A. Plan of investigation
The ethics and rules of war have been a fiercely debated topic for centuries. One facet of war that is particularly divisive is the treatment of prisoners of war. This investigation compares the treatment of prisoners of war in the Andersonville and Rock Island prison camps during the American Civil War. Andersonville and Rock Island are widely regarded as the harshest prison camps of the Confederate and Union armies, respectively. The conditions of each camp will be examined and compared using factors such as nutrition, living arrangements, habits of camp leaders, and death rates.
The main source used in this investigation is Life and Death in Civil War Prisons by J. Michael Martinez. Through interpretation and evaluation of several books, primary sources, and court cases, the treatment of Confederate prisoners and Union prisoners will be compared.
B. Summary of evidence
In order to understand the significance of the prison conditions and some of the reasons underlying why those conditions existed, it was necessary to become familiar with the events surrounding the creation and use of the prisons. Andersonville and Rock Island were prisons belonging to the armies of two opposing nations, the Confederate States of America and the United States of America. The CSA was composed of states that had recently seceded from the USA, which sparked the beginning of what is known as the United States Civil War. The war broke out for numerous reasons, including slavery, differing economic interests, and the recent election of Abraham Lincoln as president in 1860. Lincoln’s election was a particularly divisive issue, as he promised to contain slavery in the South and prevent its spread (Goodwin). This division is evident in the results of his election, in which he received only 1,865,908 votes of the total 4,685,030, which is roughly 40% of the popular vote (Drexler). From these factors, tensions rose and eventually eleven states seceded from the Union.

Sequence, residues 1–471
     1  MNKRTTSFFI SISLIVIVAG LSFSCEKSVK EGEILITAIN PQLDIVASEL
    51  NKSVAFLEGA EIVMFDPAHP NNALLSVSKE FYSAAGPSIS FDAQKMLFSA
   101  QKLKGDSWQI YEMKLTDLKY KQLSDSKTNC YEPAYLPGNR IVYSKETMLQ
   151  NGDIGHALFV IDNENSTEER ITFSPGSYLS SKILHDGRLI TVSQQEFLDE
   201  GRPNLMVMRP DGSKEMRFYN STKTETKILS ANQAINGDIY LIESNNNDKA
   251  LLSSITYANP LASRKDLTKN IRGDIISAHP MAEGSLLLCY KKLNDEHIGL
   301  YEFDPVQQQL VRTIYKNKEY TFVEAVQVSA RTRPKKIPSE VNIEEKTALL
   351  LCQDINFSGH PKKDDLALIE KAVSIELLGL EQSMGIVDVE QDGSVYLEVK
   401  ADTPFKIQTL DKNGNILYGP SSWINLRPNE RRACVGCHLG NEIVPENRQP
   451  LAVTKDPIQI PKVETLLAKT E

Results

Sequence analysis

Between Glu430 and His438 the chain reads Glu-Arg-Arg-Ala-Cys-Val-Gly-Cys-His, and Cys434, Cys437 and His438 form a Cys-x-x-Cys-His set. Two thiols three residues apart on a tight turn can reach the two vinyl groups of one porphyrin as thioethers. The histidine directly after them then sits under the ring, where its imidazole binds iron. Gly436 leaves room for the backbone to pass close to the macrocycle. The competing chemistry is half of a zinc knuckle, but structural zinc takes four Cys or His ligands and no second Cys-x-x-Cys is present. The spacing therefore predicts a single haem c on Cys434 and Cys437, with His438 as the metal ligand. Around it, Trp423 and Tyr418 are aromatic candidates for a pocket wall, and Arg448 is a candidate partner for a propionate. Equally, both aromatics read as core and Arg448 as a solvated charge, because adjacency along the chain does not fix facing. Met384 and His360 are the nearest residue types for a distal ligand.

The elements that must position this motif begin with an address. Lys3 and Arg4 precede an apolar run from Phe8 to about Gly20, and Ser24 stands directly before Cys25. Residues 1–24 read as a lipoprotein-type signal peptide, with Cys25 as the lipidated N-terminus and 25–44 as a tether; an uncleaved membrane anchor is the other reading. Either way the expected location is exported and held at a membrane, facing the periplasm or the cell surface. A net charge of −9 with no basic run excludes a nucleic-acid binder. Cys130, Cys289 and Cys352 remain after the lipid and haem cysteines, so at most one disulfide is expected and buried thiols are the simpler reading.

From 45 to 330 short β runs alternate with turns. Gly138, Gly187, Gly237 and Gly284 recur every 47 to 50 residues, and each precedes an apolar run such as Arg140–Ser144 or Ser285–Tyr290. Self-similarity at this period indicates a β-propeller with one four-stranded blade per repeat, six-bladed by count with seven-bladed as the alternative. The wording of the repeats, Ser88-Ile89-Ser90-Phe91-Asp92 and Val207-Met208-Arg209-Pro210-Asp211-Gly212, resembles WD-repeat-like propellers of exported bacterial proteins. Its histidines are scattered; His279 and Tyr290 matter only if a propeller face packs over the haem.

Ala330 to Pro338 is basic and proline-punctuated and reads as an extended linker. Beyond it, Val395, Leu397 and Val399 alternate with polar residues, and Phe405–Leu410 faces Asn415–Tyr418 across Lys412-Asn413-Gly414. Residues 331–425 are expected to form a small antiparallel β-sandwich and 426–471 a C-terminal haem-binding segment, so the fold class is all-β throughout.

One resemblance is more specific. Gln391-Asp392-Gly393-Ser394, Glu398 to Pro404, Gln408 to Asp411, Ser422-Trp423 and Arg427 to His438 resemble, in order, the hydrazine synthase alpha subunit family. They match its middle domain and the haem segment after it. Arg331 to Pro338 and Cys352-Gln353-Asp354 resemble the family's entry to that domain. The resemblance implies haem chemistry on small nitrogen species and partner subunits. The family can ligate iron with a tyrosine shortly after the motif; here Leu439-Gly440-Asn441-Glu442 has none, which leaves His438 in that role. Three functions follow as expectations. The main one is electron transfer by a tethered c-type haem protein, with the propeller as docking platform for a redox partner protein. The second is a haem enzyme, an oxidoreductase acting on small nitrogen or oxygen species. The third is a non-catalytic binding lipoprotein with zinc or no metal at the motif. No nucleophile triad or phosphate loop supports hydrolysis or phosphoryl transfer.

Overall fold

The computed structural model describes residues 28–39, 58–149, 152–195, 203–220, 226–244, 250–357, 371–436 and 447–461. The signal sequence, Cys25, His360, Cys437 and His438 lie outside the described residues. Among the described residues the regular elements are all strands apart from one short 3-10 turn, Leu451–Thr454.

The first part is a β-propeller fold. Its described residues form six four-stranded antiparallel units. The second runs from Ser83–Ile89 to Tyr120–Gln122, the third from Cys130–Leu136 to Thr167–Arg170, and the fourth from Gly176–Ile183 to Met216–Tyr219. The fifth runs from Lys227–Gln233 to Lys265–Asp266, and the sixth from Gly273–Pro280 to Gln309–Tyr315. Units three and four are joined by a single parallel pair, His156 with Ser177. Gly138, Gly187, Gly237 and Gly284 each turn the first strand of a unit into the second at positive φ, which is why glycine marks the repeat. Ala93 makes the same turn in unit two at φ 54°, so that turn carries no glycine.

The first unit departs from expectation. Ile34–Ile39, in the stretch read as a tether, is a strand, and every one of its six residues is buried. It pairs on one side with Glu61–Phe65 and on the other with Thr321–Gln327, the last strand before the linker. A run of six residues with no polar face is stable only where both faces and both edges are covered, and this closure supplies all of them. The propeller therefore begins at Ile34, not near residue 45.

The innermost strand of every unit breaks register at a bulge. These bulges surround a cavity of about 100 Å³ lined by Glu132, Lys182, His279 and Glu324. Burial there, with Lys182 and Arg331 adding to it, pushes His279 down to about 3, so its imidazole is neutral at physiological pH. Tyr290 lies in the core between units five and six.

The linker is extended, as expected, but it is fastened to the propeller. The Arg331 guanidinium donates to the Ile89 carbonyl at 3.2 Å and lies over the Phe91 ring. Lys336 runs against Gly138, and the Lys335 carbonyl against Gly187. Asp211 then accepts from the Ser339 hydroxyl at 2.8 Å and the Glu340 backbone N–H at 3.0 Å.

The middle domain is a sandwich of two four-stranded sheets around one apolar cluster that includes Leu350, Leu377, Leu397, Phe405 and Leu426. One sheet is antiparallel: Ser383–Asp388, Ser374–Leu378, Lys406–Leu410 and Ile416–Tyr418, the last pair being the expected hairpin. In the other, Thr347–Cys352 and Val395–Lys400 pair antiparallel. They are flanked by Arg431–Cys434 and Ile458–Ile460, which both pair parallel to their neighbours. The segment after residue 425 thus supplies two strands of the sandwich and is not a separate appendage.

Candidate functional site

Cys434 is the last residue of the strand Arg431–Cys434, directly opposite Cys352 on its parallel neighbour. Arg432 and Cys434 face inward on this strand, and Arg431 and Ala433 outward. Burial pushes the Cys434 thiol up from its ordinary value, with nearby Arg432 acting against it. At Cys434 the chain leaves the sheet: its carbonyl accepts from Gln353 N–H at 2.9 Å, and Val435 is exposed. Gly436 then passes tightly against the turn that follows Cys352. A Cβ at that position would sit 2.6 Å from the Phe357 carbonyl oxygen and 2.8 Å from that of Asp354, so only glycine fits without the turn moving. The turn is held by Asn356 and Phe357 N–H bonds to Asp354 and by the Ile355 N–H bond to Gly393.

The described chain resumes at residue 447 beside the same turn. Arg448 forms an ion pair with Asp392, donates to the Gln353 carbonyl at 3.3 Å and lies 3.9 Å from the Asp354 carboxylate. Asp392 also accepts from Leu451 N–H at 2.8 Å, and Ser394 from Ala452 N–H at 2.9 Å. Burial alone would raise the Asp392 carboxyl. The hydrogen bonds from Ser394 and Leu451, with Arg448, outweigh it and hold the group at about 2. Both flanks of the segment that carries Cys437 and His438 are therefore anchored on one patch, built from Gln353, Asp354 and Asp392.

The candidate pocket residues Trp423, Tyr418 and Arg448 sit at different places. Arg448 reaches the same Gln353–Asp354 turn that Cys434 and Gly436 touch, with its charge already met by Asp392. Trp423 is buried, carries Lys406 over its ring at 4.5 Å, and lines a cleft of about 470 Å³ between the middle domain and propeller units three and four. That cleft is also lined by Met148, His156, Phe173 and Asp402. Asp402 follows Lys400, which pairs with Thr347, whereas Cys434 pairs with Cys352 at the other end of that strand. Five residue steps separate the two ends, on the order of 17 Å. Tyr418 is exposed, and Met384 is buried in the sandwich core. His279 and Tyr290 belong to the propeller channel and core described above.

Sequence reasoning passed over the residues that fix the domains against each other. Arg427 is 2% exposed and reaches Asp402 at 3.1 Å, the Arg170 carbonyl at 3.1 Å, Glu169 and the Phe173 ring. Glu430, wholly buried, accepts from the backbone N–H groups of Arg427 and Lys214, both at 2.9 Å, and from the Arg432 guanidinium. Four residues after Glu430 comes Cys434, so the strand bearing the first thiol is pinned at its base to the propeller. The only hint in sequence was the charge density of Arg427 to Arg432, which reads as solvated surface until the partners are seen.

The war began in 1861, and casualties began to skyrocket within the first year. Eventually, the practice of prisoner exchanges between the Union and the Confederacy came to an abrupt stop, creating an overflow of prisoners in both countries (Martinez). New prison camps had to be built in order to contain the excess. Rock Island prison, in Illinois, was founded in December of 1863 in order to contain the overflow from other camps. It was built on the site of a United States Army fort and arsenal in Illinois, consisting of eighty-four hastily constructed buildings and a large wooden fence that ran the perimeter of the camp (Martinez). Andersonville, in Georgia, was founded in February of 1864 for the exact same reason; unlike Rock Island, however, it was severely underequipped to contain the vast quantities of prisoners that would arrive. It was intended to hold 9,000 prisoners at maximum, but ended up holding 26,000 within half a year of opening. It was built on poor farmland under...